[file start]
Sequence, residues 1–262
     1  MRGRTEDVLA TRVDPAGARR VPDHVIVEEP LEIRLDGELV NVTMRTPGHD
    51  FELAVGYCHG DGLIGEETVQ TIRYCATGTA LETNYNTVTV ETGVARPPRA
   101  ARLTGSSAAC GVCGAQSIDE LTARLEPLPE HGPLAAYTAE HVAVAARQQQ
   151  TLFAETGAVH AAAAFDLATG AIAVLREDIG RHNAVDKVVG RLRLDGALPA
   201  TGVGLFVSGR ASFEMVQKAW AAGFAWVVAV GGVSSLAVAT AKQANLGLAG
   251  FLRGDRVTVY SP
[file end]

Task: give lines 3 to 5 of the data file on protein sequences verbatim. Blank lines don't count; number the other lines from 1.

    51  FELAVGYCHG DGLIGEETVQ TIRYCATGTA LETNYNTVTV ETGVARPPRA
   101  ARLTGSSAAC GVCGAQSIDE LTARLEPLPE HGPLAAYTAE HVAVAARQQQ
   151  TLFAETGAVH AAAAFDLATG AIAVLREDIG RHNAVDKVVG RLRLDGALPA